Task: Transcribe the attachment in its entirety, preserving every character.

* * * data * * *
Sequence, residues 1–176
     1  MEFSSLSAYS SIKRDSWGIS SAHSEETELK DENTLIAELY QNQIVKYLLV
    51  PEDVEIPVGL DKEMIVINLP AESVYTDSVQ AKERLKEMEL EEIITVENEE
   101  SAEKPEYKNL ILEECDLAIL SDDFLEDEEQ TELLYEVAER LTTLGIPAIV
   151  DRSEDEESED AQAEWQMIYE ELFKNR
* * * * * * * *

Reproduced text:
Sequence, residues 1–176
     1  MEFSSLSAYS SIKRDSWGIS SAHSEETELK DENTLIAELY QNQIVKYLLV
    51  PEDVEIPVGL DKEMIVINLP AESVYTDSVQ AKERLKEMEL EEIITVENEE
   101  SAEKPEYKNL ILEECDLAIL SDDFLEDEEQ TELLYEVAER LTTLGIPAIV
   151  DRSEDEESED AQAEWQMIYE ELFKNR